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Article ID: 5423
Age Group: Adult
Posted: February 2nd. 2003
Witch Cinema 12
by Peg Aloi
Greetings Witch Cinema Mavens!
And a happy Imbolc/Oimelc/Candlemas to you all.
At this fallow time of year (except for our friends in the Southern hemisphere, now in the throes of summer!) we are starting to think this "turning inward" stuff is getting kind of old. Winter drags on and we year for fresh air, sunlight, new ways of perceiving the same old stuff. I was in England recently for two weeks and such travel is always good for renewed perspective; even though everyone in England speaks English I am always struck by how very different our cultures are from one another (watch for more on this matter in my interview with professor/author Ronald Hutton; who I spoke with in his offices at the University of Bristol - should be up in a couple weeks!).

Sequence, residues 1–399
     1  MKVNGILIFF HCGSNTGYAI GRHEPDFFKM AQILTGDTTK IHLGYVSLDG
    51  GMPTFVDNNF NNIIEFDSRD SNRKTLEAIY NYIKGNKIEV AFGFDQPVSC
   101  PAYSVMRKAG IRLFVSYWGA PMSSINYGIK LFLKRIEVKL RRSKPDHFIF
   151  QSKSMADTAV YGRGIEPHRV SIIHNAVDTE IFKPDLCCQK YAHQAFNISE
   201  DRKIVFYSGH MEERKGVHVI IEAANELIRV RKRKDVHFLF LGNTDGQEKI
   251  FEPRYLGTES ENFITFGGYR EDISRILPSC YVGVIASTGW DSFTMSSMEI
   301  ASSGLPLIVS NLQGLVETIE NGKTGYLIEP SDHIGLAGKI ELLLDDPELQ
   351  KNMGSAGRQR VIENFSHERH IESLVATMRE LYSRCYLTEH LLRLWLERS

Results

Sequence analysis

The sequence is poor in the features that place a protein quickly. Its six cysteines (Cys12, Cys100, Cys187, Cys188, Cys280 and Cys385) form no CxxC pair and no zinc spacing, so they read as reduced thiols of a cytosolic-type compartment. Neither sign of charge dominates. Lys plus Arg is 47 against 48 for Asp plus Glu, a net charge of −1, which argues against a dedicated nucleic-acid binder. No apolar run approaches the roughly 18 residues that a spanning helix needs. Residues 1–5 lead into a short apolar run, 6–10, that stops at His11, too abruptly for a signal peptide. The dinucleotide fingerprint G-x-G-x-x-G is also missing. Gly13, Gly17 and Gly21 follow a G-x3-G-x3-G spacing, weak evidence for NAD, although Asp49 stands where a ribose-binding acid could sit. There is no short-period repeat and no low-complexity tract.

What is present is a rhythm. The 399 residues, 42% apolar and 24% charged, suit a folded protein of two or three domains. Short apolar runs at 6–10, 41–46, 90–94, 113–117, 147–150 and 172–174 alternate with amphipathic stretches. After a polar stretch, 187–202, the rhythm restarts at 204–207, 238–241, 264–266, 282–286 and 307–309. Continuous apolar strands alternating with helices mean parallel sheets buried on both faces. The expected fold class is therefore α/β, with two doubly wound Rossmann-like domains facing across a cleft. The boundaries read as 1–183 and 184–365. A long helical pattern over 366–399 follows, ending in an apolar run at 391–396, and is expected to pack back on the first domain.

One thing that always weirds me out though is how much American culture gets imported there. Perhaps you've heard that the evil McDonald's and Burger King have made their way to Europe. But with the announcement of recent financial losses, maybe these evil fat-spewing death- mongers are on their way out at last. Don't even get me started on AOL/Time-Warner. But the biggest American import (aside from the way everyone in England seems to throw trash all over the streets these days; you didn't see this ten years ago) is Hollywood entertainment. They're big Buffy fans, for example. And they get all our big blockbuster movies around the same time we do. (The big releases there in the last two weeks were Chicago and Two Weeks Notice.